- Wu is used in compounds like wugu 巫蠱 "sorcery; cast harmful spells", wushen 巫神 or shenwu 神巫 (with shen "spirit; god") "wizard; sorcerer", and wuxian 巫仙 (with xian "immortal; alchemist") "immortal shaman".
- The contemporary Chinese character 巫 for wu combines the graphic radicals gong 工 "work" and ren 人 "person" doubled (cf. cong 从). This 巫 character developed from Seal script characters that depicted dancing shamans, which descend from Bronzeware script and Oracle bone script characters that resembled a cross with potents.
- A woman who can serve the Invisible, and by posturing bring down the spirits. Depicts a person with two sleeves posturing." This Seal graph for wu is interpreted as showing "the 工 work of two dancing figures set to each other – a shamanistic dance" (Karlgren 1923:363) or "two human figures facing some central object (possibly a pole, or in a tent-like enclosure?)" (Schafer 1951:153).
- This 巫 component is semantically significant in several characters:
- wu 誣 (with the "speech radical" 言) "deceive; slander; falsely accuse"
- shi 筮 (with the "bamboo radical" 竹) "Achillea millefolium (used for divination)"
- xi 覡 (with the "vision radical" 見) "male shaman; male sorcerer"
- ling 靈 (with the "cloud radical" 雨 and three 口 "mouths" or "raindrops") "spirit; divine; clever"
- yi 毉 "doctor", which is an old "shaman" variant character for yi 醫 (with the "wine radical" 酉)
- Based on analysis of ancient characters, Hopkins (1920, 1945) proposed that wu 巫 "shaman", wu 無 "not have; without", and wu 舞 "dance", "can all be traced back to one primitive figure of a man displaying by the gestures of his arms and legs the thaumaturgic powers of his inspired personality" (1945:5). Many Western Han Dynasty tombs contained jade plaques or pottery images showing "long-sleeved dancers" performing at funerals, who Erickson (1994:52-54) identifies as shamans, citing the Shuowen jiezi that early wu characters depicted a dancer's sleeves.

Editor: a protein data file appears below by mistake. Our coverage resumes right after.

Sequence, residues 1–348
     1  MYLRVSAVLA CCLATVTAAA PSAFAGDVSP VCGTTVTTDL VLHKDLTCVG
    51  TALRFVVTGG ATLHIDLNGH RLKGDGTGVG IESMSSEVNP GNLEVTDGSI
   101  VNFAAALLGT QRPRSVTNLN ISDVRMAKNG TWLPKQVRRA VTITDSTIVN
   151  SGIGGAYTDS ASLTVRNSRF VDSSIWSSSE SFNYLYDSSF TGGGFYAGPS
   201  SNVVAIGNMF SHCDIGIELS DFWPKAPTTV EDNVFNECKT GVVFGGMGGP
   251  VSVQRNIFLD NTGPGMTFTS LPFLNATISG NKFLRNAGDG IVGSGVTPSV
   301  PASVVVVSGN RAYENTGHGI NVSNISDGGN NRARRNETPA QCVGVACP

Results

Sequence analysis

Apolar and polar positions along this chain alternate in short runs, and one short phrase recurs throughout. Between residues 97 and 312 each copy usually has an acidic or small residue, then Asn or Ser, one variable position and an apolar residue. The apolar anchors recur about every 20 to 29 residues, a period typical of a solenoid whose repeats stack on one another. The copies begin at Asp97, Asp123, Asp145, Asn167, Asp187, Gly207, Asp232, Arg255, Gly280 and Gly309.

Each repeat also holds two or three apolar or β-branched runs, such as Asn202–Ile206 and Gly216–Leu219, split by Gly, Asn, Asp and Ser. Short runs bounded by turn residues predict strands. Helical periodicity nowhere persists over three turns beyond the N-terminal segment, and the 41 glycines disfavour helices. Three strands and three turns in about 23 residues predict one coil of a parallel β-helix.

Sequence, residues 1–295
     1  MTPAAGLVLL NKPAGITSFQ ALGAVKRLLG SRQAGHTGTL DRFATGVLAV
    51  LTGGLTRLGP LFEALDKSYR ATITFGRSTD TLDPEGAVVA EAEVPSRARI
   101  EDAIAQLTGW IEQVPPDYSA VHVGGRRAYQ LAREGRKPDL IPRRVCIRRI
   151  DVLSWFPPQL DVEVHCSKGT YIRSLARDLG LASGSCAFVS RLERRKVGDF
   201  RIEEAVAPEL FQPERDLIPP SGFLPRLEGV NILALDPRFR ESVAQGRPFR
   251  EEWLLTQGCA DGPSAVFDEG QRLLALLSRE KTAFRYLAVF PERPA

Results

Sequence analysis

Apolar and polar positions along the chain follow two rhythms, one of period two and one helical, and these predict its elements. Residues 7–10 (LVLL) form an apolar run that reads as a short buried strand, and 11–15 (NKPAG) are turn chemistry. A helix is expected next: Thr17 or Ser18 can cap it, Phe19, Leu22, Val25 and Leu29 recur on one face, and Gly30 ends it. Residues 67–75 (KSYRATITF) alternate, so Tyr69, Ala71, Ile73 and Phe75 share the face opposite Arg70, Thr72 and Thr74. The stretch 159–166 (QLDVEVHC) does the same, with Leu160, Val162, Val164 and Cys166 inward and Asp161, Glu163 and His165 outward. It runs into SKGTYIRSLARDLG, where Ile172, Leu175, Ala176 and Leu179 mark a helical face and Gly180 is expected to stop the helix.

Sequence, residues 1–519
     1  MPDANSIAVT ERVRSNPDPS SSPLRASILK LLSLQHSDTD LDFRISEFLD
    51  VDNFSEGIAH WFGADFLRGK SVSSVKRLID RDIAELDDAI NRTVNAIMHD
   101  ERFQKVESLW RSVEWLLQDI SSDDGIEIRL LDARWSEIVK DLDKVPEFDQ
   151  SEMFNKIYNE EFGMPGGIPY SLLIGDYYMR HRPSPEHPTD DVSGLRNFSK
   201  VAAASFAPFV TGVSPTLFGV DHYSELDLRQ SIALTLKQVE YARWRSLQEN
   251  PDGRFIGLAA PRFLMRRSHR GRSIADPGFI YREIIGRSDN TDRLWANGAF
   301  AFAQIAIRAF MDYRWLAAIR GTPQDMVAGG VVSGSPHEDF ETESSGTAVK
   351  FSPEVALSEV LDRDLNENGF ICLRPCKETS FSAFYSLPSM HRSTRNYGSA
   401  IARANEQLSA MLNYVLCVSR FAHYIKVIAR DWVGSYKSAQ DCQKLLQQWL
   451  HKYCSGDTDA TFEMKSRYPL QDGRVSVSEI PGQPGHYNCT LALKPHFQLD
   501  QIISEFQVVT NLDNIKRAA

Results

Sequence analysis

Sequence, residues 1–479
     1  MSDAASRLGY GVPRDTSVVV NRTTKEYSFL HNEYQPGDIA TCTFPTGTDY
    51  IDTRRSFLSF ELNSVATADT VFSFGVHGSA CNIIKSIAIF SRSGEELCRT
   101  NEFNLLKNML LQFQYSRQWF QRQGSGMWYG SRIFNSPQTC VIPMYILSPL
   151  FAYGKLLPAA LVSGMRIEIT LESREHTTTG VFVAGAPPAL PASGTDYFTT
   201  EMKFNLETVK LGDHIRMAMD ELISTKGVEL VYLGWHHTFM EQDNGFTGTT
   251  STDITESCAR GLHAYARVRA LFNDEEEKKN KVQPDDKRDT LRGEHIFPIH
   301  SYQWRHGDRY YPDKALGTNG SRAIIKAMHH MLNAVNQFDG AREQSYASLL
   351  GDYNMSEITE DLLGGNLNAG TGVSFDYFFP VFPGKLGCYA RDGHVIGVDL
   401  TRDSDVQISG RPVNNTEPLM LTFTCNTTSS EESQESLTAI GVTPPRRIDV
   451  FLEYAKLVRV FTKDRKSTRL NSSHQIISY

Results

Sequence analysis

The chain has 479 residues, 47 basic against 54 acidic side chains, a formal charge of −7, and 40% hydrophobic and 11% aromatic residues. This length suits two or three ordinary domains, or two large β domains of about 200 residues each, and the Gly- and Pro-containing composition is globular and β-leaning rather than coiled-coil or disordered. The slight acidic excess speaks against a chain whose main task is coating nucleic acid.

- Mair connects the nearly identical Chinese Bronze script for wu 巫 (above) and Western heraldic cross potent ☩, an ancient symbol of a magi or magician, which etymologically descend from the same Indo-European root.
Wu-shamans as healers
The belief that demonic possession caused disease and sickness is well documented in many cultures, including ancient China. The early practitioners of Traditional Chinese Medicine historically changed from wu 巫 "spirit-mediums; shamans" who used divination, exorcism, and prayer to yi 毉 or 醫 "doctors; physicians" who used herbal medicine, moxibustion, and acupuncture.
Wu-shamans as rainmakers
Wu anciently served as intermediaries with nature spirits believed to control rainfall and flooding. During a drought, wu-shamans would perform the yu 雩 "sacrificial rain dance ceremony". If that failed, both wu and wang 尪 "cripple; lame person; emaciated person" engaged in "ritual exposure" (Schafer 1951) rainmaking techniques based upon sympathetic magic. As Unschuld (1985:33-34) explains, "Shamans had to carry out an exhausting dance within a ring of fire until, sweating profusely, the falling drops of perspirations produced the desired rain." These wu and wang procedures were called pu 曝/暴 "expose to open air/sun", fen 焚 "burn; set on fire", and pulu 暴露 "reveal; lay bare; expose to open air/sun".
Wu-shamans and dream interpretation
Oneiromancy or dream interpretation was one type of divination performed by wu 巫. The Zuozhuan records two stories about wu interpreting the guilty dreams of murderers.
Wu-shamans as officials
Sinological controversies have arisen over the political importance of wu 巫 in ancient China. Some scholars (e.g., Eliade 1964 and Chang 1983) believe Chinese wu used "techniques of ecstasy" like shamans elsewhere; others (e.g., Keightley 1983) believe wu were "ritual bureaucrats" or "moral metaphysicians" who did not engage in shamanistic practices.